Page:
Inside Scoop: Tips For Hemodialysis & Peritoneal Dialysis Patients To Avoid Infections

© ALL CREDIT TO THEIR RESPECTIVE OWNERS.

© ALL CREDIT TO THEIR RESPECTIVE OWNERS.

A KidneyBuzz.com viewer wrote, "I am constantly suffering infections at my access site. My Nephrologist is growing more and more concerned since the infections are getting worse. What can I do to protect myself?"

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While the Hemodialysis and Peritoneal Dialysis traditional accesses give Chronic Kidney Disease patients improved protection from infection when compared to the most dangerous access - Chest Catheter - patients who undergo Dialysis Treatment still have an increased risk of getting an infection. In fact, some studies have suggested that "infection is the leading cause of death" in patients conducting Dialysis. Hemodialysis and Peritoneal Dialysis patients should not be alarmed, but instead, use the following tips to limit their risks of contracting an infection.

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Warm weather increases the incidence of serious infection. Due to the fact that Chronic Kidney Disease and Dialysis patients have weaker immune systems, if they are not careful, they can easily fall victim to dangerous infections that could threaten their Dialysis Access and even their lives. Remember these important tips year-round, and especially in mild weather:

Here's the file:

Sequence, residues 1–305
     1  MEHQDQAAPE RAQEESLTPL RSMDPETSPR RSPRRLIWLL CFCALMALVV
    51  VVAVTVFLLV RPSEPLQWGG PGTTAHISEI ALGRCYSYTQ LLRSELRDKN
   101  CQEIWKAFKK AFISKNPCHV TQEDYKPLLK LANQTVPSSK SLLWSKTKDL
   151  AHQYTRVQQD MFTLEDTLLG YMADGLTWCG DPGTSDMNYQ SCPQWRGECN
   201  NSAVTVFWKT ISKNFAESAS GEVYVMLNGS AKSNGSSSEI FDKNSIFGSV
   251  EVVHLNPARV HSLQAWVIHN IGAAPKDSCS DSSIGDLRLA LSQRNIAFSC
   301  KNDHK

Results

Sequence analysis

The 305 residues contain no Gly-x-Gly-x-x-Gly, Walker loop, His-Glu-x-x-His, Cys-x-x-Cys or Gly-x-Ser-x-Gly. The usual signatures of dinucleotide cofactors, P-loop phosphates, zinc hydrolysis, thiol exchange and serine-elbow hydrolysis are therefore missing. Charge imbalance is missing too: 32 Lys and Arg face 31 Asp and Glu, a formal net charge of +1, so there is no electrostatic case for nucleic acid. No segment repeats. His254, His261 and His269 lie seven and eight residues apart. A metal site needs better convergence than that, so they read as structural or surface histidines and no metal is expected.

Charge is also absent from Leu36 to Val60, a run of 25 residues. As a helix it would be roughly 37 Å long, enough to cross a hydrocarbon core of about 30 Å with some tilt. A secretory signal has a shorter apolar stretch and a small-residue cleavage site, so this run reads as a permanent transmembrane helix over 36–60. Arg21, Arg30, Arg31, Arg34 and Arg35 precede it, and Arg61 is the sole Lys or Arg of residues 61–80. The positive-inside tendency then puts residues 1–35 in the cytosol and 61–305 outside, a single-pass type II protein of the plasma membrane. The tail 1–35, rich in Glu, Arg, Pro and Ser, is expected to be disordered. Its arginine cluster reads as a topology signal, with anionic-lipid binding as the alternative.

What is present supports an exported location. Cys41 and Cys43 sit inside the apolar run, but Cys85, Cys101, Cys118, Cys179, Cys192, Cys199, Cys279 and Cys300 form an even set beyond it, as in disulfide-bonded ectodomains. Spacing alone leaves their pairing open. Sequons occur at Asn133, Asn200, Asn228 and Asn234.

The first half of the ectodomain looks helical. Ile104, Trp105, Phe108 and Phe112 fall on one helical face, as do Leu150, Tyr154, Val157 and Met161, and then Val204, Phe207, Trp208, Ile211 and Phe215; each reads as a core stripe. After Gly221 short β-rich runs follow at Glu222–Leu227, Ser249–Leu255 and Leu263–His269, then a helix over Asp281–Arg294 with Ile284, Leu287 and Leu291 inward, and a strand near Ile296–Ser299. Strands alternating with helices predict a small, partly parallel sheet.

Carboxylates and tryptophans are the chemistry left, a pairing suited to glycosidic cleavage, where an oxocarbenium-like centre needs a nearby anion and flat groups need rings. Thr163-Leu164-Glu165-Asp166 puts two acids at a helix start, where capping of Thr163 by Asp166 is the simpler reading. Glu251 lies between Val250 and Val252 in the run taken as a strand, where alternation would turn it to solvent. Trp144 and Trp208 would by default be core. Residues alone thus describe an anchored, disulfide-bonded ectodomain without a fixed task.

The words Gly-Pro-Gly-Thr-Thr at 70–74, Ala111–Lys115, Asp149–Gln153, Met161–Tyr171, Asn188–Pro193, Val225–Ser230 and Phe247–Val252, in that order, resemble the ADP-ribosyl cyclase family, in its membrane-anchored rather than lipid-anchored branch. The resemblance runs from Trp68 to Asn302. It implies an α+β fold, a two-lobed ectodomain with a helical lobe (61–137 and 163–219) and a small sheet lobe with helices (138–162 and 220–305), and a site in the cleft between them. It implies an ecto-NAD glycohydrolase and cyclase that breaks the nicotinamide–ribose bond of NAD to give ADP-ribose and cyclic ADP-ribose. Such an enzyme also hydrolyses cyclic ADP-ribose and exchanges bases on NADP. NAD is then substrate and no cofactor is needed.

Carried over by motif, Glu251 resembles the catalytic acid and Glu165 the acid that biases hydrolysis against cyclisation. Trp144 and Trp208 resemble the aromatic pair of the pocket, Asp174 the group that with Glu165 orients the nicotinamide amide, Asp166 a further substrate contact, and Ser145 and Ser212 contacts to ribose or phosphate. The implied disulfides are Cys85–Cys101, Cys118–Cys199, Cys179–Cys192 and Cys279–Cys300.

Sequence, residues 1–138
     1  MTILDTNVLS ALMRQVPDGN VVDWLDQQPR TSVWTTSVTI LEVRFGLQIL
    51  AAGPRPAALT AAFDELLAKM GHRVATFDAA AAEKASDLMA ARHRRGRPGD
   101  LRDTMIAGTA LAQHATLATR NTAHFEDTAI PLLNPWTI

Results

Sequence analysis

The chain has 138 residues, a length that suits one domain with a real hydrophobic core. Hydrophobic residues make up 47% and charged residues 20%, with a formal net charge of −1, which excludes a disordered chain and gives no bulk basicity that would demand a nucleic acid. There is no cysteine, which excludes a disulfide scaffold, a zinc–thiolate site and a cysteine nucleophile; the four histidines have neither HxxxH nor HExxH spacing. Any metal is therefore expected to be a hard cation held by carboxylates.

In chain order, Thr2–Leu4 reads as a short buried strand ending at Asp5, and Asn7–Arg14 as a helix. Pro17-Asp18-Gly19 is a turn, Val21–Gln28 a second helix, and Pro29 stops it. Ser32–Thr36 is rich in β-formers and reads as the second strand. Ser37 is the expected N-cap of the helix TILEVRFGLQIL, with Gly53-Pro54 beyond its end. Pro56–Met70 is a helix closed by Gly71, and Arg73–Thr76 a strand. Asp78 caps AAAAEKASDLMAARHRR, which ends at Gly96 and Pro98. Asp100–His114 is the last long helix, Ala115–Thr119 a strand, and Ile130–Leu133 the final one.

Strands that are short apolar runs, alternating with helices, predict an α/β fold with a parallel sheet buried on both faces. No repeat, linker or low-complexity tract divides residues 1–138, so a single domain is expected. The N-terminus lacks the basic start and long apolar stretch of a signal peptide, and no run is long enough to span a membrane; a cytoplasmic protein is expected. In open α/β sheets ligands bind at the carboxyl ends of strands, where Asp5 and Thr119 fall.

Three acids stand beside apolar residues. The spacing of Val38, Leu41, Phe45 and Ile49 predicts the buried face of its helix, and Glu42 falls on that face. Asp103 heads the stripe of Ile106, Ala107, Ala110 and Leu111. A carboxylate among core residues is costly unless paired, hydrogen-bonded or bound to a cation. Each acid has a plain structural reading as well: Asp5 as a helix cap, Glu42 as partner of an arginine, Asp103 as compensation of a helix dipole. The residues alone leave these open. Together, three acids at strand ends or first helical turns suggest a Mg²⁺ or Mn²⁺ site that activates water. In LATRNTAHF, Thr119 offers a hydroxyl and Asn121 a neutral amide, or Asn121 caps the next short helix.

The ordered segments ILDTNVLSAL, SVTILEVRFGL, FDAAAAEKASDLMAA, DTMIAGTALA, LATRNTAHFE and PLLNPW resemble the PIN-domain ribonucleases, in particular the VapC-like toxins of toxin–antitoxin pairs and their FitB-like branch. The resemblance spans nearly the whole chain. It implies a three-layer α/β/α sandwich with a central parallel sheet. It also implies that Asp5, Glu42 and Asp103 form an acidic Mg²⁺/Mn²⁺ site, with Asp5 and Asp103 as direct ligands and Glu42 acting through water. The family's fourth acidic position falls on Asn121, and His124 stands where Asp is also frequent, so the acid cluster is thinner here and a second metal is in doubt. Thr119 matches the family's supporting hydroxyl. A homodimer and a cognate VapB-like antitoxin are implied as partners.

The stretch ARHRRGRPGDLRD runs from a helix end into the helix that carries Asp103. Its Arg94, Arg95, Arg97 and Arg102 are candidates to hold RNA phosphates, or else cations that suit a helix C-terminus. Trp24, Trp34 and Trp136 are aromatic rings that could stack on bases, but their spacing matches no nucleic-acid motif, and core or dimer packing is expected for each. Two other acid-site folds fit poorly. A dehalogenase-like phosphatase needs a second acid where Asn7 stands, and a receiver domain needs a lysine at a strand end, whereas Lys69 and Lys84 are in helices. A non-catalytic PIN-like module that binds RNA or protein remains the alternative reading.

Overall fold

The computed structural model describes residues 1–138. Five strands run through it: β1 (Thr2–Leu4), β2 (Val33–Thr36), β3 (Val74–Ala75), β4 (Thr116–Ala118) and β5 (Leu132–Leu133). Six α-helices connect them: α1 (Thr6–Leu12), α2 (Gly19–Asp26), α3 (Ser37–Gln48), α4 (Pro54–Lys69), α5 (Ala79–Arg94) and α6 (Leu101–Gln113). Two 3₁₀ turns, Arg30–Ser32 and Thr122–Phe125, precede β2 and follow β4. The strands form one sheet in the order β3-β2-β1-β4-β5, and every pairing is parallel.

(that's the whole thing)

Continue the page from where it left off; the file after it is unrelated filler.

1.) Always have hand sanitizer handy. Hand sanitizers were developed for use after washing hands or for those times when soap and water are not available. They are gels that contain alcohol in order to kill the germs present on the skin. The alcohol works immediately and effectively in order to kill bacteria and most viruses.

2.) Keep your exit site clean and dry. This will avoid harmful bacteria from collecting around your Dialysis Access. Also, change the dressings immediately if they become wet or soiled.

3.) Wash your exit site, or shower, after gardening or perspiring while outdoors. Try to wear gloves and avoid lifting things out of the dirt with your bare hands when working or having fun outdoors since you may accidentally brush your AV Fistula or Peritoneal Catheter causing possible infections.

4.) If you are conducting Peritoneal Dialysis then always close all windows, doors and turn off fans at least 10 minutes before beginning an exchange. Everyone with you must wear a mask or must leave the area where you are doing an exchange.

5.) For Hemodialysis patients, make sure that the scab on your Fistula Arm is completely removed before treatment and an alcohol swab has been used to wipe off your site. A small piece of a scab could have bacteria on it and cause an issue if it is not removed.

How do you avoid infections, especially during the warm months of the year? Weigh-in with your own pros and cons at the KidneyBuzz.com Facebook Fan Page which has over 63,000 friends. While you are there, like the KidneyBuzz.com Facebook Fan Page and visit KidneyBuzz.com regularly (160,000 monthly viewers) for the latest tailored breaking news and information which teaches those with Chronic Kidney Disease, Dialysis, Kidney Transplant, Diabetes, and High Blood Pressure how to better manage and improve their lives. You may become a regular visitor like, Charles Griffin who said, "Praise God for KidneyBuzz."

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